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Single Molecule Biophysics
The study of single molecules is revolutionizing biophysics. The Thomas Perkins group is interested in a wide range of biological questions such as: How do proteins move along DNA? How much force is generated by such a molecular motor? And, what is the spatial assembly of membrane proteins? To answer these questions, the Perkins group develops and uses precision single-molecule techniques such as optical traps and atomic force microscopy (AFM).
To look at molecular motors moving along DNA, the Perkins group developed a new optical-trapping microscope capable of resolving the smallest known step of a molecular motor, the 1-base pair (0.34 nm) step of along DNA. The group is now applying this technology to the study of (1) DNA-based molecular motors, (2) transcription factors, and (3) the folding and unfolding kinetics of RNA and RNA-protein complexes.
Following in JILA's tradition of precision measurements, the Perkins group improved the resolution of optical tweezers by increasing sensitivity and reducing instrumental noise. Improvements included the use of active stabilization of multiple types of laser noise, more stable optical design with improved laser-pointing stability, and active stabilization of microscope sample via an array of nanofabricated fiducial marks. With these enhancements, the Perkins lab measured and thereby stabilized an optical microscope to 0.1 nm in three dimensions (3D) over tens of seconds.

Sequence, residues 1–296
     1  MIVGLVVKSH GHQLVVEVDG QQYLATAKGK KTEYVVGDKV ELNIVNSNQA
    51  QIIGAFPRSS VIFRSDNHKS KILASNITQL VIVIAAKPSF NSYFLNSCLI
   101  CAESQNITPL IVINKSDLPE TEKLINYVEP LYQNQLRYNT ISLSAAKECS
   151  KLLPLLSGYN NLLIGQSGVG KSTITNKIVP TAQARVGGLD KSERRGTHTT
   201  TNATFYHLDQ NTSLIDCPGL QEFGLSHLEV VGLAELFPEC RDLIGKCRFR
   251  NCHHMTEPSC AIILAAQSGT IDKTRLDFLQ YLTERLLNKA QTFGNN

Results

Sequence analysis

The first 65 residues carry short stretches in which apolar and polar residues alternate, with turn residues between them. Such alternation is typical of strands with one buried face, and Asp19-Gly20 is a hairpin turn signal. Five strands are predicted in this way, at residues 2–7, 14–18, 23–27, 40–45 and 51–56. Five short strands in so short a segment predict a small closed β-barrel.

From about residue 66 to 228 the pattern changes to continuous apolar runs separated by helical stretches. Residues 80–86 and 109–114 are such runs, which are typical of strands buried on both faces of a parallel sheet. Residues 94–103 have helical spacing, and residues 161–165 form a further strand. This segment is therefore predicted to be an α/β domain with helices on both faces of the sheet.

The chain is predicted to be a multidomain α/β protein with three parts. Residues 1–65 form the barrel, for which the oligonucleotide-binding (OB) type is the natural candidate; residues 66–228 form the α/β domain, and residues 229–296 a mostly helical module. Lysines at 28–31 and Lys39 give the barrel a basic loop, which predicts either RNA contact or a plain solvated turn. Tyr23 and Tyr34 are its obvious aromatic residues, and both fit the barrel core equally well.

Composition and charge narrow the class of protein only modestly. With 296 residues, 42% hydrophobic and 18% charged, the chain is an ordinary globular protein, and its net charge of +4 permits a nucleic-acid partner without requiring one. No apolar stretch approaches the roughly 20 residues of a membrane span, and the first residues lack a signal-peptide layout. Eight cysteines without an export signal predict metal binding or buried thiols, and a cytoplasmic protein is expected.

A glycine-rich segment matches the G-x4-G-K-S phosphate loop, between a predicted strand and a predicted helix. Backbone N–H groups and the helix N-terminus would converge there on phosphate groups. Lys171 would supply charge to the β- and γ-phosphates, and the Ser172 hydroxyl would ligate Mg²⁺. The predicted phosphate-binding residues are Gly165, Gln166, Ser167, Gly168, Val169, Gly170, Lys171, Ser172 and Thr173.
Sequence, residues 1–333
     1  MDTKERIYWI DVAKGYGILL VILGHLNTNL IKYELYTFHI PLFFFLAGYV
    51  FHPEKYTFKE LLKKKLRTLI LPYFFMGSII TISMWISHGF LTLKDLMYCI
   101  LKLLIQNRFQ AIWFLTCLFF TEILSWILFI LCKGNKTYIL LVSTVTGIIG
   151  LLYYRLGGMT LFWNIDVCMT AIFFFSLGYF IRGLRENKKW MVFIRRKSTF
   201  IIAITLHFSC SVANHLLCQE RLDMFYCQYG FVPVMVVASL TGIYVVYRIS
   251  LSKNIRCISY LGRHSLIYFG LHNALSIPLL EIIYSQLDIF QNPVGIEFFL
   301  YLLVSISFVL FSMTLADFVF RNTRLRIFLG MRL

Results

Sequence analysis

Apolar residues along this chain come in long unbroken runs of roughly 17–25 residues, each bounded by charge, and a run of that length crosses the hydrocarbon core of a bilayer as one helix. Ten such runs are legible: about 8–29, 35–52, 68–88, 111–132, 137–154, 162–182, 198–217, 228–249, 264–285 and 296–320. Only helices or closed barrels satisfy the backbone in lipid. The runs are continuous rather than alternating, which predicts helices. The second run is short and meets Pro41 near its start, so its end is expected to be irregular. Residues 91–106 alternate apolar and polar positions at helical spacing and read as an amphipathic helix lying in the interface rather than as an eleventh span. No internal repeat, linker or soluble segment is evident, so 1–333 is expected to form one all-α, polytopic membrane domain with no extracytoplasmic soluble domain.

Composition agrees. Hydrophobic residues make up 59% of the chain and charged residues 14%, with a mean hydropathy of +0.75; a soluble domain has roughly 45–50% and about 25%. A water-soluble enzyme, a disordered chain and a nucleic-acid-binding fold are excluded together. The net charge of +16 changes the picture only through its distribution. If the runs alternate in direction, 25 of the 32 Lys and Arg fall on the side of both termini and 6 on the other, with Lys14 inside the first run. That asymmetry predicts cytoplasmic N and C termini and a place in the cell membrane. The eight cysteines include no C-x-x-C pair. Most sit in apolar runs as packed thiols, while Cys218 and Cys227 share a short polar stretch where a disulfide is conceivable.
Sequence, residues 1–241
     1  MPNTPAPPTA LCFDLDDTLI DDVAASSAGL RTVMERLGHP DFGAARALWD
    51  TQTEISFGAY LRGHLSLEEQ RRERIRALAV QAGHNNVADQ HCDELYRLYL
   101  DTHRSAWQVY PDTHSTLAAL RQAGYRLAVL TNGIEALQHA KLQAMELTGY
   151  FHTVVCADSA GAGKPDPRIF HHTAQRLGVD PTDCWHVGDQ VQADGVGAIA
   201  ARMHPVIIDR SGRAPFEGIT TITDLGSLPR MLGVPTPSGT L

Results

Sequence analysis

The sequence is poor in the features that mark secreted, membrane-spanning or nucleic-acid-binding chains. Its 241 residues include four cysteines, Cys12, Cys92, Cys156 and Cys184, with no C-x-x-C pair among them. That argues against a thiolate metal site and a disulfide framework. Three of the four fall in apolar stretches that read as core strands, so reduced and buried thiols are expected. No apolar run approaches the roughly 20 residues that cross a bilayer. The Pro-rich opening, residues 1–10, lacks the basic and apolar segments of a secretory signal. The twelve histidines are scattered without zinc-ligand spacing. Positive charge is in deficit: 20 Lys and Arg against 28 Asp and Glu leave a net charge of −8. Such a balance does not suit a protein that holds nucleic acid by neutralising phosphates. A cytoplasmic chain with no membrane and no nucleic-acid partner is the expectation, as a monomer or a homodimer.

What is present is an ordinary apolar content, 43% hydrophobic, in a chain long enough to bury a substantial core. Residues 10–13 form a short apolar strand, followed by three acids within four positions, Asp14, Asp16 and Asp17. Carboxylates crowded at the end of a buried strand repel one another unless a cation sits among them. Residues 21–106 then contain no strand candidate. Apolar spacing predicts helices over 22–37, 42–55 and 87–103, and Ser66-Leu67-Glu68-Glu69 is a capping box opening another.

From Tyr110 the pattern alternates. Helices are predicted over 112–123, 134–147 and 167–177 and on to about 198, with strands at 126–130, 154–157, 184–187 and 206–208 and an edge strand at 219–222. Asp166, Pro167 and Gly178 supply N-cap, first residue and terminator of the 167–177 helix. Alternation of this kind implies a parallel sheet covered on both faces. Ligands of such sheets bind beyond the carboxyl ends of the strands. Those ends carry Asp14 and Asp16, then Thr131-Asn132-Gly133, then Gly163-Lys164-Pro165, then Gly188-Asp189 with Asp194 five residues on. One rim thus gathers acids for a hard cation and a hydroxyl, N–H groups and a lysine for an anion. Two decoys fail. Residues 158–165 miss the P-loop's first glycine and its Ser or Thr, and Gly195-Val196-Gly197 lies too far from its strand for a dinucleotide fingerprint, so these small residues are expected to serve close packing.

In addition to their biological application, precision measurements are revealing limitations in both our theoretical and experiment understanding of single molecule biophysical techniques. For instance, a careful study of DNA elasticity revealed that the persistence length (p) of DNA, a measure of DNA’s bending stiffness, appeared to depend on the length (L) of the DNA molecule, decreasing by as much as 18% for L = 632 nm. Yet, p is an intrinsic property of DNA that should be independent of L. To understand this conundrum, the Perkins group teamed up with theorists Meredith Betterton from the University of Colorado at Boulder and Philip Nelson from the University of Pennsylvania. This team showed that the limitations were not experimental in origin, but rather theoretical. This insight allows researchers to investigate short, stiff pieces of DNA without worrying about systematic errors in their force measurements.
In a parallel effort, the group developed an ultrastable AFM that has atomic-scale stability and registration over tens of minutes at ambient conditions (in air at room temperature). In this work, optical-trapping techniques were applied to the AFM to detect and thereby stabilize the position of an AFM tip in 3D by scattering light off the apex of an AFM cantilever, not its back side. This new technique complements the traditional optical lever arm measurement of cantilever deflection. The resulting AFM is a hundred times more stable than the previous state-of-the-art AFM and capable of studying proteins in liquid at room temperature with Angstrom-scale stabilities and sensitivities over tens of minutes. The Perkins group is currently pursuing the application of this AFM to protein imaging as well as nanotechnology.